More than 250 people live on boats on the River CamANDREW JAMES

“A lot of people that move in are shocked to be woken up by rowers, but what else to expect when you choose to live on the river?”, Andrew James tells me.

Andrew James has seen the river both from the perspective of a rower, and that of a boatman. Affectionately referred to as ‘Gripper’- a nickname the meaning of which has long been lost amidst the wash of many fruitful years as the Clare boatman, James straddles two disparate groups that seldom interact.

Numbering at just 120 narrowboats along the city’s stretch of river, the Cambridge boatmen are composed of some 254 men and women. They bear a (sometimes fraught) relationship with college rowers.

“The large crossover between the river and the rowing community makes relations more friendly.”

Anyone that’s rowed for long enough could regale you with stories of being screamed at from a barge, variously being called ‘elitist snobs’, ‘bird murderers’ and any number of expletives that, true to form, could only come from sailors.

James is optimistic about rowers’ relationship with boatmen. “Things have definitely improved”, he states. “Back in the old days there was more of an us versus them mentality, but there’s such a large crossover now between the river and the rowing community that relations are much more friendly.”

James, the much beloved boatman of Clare College, first started rowing at a young age as a member of the club for the University workers’ families. Now, living on a canal boat, he’s seen the river from both the rowing boat and the narrow boat. His canal boat, alleged to be sinking, is called ‘U-Boot’ - German for submarine.

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Mountain View

To rowing, perseverance and friends

Following some change in his personal life, James decided that the humdrum life of being tied to mortgages and council tax was much less appealing than being tied to mooring posts and canalways. Despite his brother, the boatman of Downing boat club, jokingly referring to his boat as a “rat infested tin barge”, Andrew was undeterred.

“For most people it’s just a dream”, James says. “With waiting lists of anywhere between 5-10 years, many people sign up and then forget about it”. And for some, the idyllic dream of lazily floating along without a care in the world crashes into hard reality. “Everything is just a bit more effort. You have to check that your batteries are charged, your water tanks are topped up, remember to pump out the sewage regularly. There’s no central heating, you can’t just come back home and put your feet up.”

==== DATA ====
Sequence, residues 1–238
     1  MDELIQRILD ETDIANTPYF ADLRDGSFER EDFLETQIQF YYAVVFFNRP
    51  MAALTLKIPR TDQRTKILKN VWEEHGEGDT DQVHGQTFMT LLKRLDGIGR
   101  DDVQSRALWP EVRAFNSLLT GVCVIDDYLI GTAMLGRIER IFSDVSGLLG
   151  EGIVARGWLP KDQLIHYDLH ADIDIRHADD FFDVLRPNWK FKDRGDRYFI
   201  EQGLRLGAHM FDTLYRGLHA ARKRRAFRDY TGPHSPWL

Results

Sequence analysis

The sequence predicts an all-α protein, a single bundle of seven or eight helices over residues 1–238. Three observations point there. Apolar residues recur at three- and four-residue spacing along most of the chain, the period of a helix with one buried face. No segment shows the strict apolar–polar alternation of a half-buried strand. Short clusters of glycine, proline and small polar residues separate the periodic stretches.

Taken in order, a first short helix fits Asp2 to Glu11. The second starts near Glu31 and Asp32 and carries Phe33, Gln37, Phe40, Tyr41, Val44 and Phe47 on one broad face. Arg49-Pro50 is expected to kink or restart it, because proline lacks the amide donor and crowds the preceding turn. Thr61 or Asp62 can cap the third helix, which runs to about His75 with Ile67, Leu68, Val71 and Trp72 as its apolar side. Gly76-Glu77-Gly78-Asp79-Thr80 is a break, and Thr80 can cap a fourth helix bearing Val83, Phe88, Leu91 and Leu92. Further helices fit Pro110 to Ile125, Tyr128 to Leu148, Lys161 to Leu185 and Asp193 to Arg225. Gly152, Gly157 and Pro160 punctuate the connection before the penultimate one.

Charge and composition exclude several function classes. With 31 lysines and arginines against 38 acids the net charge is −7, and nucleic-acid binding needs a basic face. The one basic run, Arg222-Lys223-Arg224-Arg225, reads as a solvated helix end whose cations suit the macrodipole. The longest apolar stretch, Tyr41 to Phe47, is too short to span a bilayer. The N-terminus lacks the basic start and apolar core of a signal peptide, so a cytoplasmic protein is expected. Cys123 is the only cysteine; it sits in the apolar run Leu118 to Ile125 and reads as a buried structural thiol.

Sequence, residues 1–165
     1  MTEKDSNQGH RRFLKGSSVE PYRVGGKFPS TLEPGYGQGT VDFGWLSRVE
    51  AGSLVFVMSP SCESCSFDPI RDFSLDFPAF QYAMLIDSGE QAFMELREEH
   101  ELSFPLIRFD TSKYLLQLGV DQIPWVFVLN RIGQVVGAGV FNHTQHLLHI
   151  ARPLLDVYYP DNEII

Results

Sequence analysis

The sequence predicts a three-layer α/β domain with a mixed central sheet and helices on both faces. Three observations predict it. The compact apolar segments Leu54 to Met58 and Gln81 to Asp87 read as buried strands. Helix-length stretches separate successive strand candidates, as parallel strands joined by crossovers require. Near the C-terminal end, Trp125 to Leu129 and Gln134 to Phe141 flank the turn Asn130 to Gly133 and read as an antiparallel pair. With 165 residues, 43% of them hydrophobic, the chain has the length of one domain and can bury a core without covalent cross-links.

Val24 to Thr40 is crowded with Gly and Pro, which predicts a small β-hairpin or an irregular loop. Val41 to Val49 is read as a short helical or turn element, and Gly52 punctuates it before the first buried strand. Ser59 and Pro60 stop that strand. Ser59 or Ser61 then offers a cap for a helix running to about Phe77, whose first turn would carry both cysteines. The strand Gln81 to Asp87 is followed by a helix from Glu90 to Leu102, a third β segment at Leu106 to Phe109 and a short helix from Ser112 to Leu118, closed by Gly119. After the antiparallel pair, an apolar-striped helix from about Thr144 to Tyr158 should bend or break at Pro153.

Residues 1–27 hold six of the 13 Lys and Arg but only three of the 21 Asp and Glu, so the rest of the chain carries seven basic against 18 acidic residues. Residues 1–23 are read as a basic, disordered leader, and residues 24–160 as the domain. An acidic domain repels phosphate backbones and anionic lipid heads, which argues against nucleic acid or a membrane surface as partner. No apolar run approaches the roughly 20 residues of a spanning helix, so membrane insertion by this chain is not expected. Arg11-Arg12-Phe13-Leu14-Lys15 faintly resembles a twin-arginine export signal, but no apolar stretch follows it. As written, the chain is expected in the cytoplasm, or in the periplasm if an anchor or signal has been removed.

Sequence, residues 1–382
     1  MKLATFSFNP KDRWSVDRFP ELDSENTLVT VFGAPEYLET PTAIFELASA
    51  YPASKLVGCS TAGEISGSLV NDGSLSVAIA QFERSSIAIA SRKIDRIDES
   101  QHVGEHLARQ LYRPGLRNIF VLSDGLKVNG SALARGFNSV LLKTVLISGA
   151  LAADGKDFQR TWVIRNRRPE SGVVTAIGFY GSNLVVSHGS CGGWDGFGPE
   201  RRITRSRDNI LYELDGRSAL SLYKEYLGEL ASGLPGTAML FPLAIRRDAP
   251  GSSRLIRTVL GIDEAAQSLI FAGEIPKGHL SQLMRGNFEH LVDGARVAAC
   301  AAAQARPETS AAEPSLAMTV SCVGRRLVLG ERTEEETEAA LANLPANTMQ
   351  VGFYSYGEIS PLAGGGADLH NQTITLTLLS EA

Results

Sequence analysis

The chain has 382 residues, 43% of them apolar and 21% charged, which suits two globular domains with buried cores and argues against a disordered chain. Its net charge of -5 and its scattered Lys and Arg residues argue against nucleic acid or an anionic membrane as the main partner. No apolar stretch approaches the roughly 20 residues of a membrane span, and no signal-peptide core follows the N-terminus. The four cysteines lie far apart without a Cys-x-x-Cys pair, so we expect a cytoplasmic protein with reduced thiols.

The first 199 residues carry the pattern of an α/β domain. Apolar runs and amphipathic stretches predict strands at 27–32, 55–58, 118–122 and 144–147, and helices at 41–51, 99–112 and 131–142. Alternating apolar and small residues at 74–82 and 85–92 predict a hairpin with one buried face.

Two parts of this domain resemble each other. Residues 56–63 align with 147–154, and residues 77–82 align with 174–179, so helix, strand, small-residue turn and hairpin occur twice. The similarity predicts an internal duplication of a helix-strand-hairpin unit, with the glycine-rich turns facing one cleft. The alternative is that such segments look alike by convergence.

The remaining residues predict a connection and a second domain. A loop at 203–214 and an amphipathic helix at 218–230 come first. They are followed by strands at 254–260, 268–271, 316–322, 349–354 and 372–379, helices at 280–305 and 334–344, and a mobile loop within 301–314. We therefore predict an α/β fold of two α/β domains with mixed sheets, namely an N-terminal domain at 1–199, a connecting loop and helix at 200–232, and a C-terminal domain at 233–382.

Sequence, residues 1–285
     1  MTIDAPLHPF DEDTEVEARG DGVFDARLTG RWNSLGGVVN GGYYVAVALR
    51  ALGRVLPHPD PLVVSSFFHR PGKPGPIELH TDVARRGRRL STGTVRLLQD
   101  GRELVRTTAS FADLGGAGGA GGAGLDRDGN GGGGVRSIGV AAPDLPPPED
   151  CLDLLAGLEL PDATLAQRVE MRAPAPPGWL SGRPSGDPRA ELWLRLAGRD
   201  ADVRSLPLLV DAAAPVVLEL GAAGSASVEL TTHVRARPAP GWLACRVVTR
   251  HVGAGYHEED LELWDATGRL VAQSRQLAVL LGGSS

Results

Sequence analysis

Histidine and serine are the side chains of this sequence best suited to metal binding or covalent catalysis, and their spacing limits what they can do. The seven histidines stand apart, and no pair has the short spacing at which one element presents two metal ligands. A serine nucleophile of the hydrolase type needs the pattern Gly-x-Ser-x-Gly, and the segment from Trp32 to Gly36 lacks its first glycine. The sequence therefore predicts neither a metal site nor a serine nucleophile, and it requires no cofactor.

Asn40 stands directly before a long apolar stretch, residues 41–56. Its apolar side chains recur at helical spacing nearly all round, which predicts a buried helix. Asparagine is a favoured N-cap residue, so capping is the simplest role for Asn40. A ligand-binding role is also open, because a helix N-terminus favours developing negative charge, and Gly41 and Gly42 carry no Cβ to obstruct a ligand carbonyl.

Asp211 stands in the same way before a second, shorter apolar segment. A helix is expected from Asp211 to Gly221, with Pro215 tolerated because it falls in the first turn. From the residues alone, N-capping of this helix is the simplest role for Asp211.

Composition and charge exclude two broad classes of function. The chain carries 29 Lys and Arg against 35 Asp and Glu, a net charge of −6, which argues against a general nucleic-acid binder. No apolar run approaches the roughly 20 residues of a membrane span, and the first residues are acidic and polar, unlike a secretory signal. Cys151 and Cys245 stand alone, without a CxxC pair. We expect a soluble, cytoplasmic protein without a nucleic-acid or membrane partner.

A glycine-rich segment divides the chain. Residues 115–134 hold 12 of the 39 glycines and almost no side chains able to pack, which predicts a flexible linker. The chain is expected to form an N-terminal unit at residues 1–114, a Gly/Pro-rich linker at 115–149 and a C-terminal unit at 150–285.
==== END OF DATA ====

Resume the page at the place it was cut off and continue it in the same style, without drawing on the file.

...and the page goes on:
For James, however, the “massive sense of freedom that comes with living in a boat, and being able to sail down to Ely whenever you want”, makes it all worth it. He relishes “not being beholden to constant mortgage and tax payments”.

“Such economic reasons for taking to the river highlight the real problems cities face. Stagnant wages force people out onto the river and other low cost alternatives.”

For some boatmen and women, living on the river is the only affordable way to live comfortably in Cambridge. Compare paying, on average, £500,000 for a house in the city centre with £100 a month rent for a houseboat costing £30-60,000 and suddenly the buoyant life may seem a no brainer. Such economic reasons for taking to the river highlight the real problems faced by Cambridge and other UK cities. With stagnant wages and mounting house prices, many people are being forced out onto the river and other low cost alternatives.

To any river user: it seems Cantabs do not, in fact, rule the waves. It should be remembered we share this wonderful (read: disgustingly murky and potentially disease-infested) river with a much wider community, of whom the vast majority are incredibly nice and considerate people.